1. Spend less time worrying about the end result and more time enjoying the process. The times I was the most afraid for myself and my future were always the times I spent way, way too much time obsessing about when things were going to happen. I wanted answers, I wanted a plan, I wanted a solid time of when my life was going to come together and I was going to be able to sustain my writing without a supplementary job. It never helped and always, always stole my joy. The best moments were when I let the future stay where it was—out of sight—and focused on the task in front of me. Those moments brought me where I am today.

2. Finish the projects you start. Commit to them. A book you never finish is a book that will never get published, and although you may learn a great deal from it, you’ll also set a habit by abandoning it and moving on to something else when you get bored, stuck, or simply have another idea. Giving up is a habit. So is typing ‘The End’. Choose your habits.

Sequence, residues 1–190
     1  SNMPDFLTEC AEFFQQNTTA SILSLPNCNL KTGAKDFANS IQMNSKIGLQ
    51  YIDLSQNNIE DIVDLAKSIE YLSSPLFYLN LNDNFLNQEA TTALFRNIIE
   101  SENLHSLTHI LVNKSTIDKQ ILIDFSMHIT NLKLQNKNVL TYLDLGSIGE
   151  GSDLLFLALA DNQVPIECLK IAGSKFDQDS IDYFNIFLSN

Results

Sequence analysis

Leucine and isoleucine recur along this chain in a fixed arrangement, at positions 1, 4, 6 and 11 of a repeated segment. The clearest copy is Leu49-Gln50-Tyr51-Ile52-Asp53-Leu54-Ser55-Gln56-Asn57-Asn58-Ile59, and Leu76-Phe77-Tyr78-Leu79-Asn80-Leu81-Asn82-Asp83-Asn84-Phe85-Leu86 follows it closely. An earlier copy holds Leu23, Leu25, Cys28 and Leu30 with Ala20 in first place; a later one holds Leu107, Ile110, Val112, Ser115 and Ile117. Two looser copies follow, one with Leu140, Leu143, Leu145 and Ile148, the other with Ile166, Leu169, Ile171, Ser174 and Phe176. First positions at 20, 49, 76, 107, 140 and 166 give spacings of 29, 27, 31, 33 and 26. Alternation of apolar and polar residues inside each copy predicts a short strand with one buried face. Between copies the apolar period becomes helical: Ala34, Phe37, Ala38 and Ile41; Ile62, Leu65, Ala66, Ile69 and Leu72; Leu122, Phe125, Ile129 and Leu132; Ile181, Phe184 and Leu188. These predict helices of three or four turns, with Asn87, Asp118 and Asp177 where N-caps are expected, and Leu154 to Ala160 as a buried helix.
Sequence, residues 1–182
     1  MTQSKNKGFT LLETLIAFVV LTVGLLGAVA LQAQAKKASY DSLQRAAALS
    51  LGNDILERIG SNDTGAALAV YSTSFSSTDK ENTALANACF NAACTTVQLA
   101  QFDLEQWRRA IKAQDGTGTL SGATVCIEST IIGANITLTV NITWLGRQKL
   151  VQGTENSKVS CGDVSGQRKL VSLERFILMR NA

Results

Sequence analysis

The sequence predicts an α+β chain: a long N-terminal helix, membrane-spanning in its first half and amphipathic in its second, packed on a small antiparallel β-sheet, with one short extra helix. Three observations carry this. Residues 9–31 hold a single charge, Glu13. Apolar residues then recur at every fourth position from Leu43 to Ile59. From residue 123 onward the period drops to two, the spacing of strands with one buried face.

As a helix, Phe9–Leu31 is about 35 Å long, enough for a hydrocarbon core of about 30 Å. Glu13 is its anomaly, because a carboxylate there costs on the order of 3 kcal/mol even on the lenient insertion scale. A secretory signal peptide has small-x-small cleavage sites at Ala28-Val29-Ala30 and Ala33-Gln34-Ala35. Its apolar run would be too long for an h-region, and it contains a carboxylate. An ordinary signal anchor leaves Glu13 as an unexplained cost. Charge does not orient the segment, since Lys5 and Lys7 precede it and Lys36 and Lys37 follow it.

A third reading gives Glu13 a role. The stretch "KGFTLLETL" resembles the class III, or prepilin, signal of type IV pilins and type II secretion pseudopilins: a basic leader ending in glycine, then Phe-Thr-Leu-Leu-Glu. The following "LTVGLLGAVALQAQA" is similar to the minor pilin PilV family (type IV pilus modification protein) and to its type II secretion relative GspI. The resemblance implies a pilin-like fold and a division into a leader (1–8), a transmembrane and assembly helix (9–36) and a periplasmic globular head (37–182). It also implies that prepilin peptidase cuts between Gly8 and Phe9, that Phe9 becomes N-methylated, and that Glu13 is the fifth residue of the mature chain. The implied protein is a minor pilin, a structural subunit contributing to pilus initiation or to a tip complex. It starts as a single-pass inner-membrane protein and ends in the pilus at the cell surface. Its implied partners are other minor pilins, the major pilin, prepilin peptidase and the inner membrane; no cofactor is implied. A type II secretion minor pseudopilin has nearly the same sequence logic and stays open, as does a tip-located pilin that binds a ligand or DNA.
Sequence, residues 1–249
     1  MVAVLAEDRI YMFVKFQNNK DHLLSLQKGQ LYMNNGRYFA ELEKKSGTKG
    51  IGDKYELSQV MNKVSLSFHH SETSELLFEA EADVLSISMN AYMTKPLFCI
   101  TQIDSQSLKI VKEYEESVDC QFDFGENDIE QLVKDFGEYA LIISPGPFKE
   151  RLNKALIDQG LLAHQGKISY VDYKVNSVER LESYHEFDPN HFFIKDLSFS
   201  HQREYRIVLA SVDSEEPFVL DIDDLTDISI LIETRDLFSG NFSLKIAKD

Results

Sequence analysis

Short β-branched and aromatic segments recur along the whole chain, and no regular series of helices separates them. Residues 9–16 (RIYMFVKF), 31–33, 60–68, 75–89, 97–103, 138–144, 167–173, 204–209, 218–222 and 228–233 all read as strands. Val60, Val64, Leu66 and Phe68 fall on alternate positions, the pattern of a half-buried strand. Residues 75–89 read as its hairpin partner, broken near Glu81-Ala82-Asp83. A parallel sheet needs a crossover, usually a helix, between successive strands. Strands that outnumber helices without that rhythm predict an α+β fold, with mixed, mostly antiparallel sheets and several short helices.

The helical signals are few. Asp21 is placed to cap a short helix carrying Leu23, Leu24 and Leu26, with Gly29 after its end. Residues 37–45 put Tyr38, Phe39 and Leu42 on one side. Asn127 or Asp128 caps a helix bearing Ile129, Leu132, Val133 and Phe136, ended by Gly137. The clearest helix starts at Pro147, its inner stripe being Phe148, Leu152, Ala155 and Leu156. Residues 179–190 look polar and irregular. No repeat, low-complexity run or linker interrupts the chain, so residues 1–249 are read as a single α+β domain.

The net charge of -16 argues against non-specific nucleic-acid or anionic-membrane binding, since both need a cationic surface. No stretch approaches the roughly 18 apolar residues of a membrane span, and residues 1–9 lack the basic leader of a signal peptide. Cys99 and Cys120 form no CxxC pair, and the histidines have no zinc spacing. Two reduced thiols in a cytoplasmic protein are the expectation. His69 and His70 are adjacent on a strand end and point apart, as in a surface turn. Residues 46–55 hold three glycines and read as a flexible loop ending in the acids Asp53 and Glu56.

3. When you have a brilliant new idea, jot it down in a notebook and leave it there. Let it sit. Let it simmer in the back of your mind, turning over, getting the time it needs to develop. A brand new idea is not a book. It’s not even a story yet. It needs time, and your current WIP needs time too. So let it sit, just for now, and come back later.

4. Set goals and celebrate milestones. What do you want from your writing? Do you know? What do you, as a writer, want to accomplish this year, or this month, or simply just today? Write it down. Have a to-do list, and celebrate when you mark things off. And when you type ‘The End’? Open a bottle of something sparkly and make a night of it. If you don’t celebrate your milestones, it’s far, far too easy to let yourself think that there hasn’t been any.

Good luck, dearest writer! May your tea be hot and your dreams wild.

Creativity, Inc.


I listen to audiobooks on my commute to and from work every day. It’s how I keep reading when life is busy and crazy and I don’t have the time or the energy to stop and open a book.

Which, unfortunately, is all the time right now.

So, my commute is my saving grace. An hour and a half every day, five days a week, will plow you through a lot of audiobooks.

This week I’ve been listening to Creativity, Inc. by Ed Catmull. It’s the origin story, you might say, of Pixar animation studios, written by one of the original creators.

It’s absolutely fascinating.

Pixar is and always has been one of my absolute favorite movie studios. Up, The Incredibles, Toy Story, and Finding Nemo are all established classics in my mind, and ones that I will watch again and again over the years.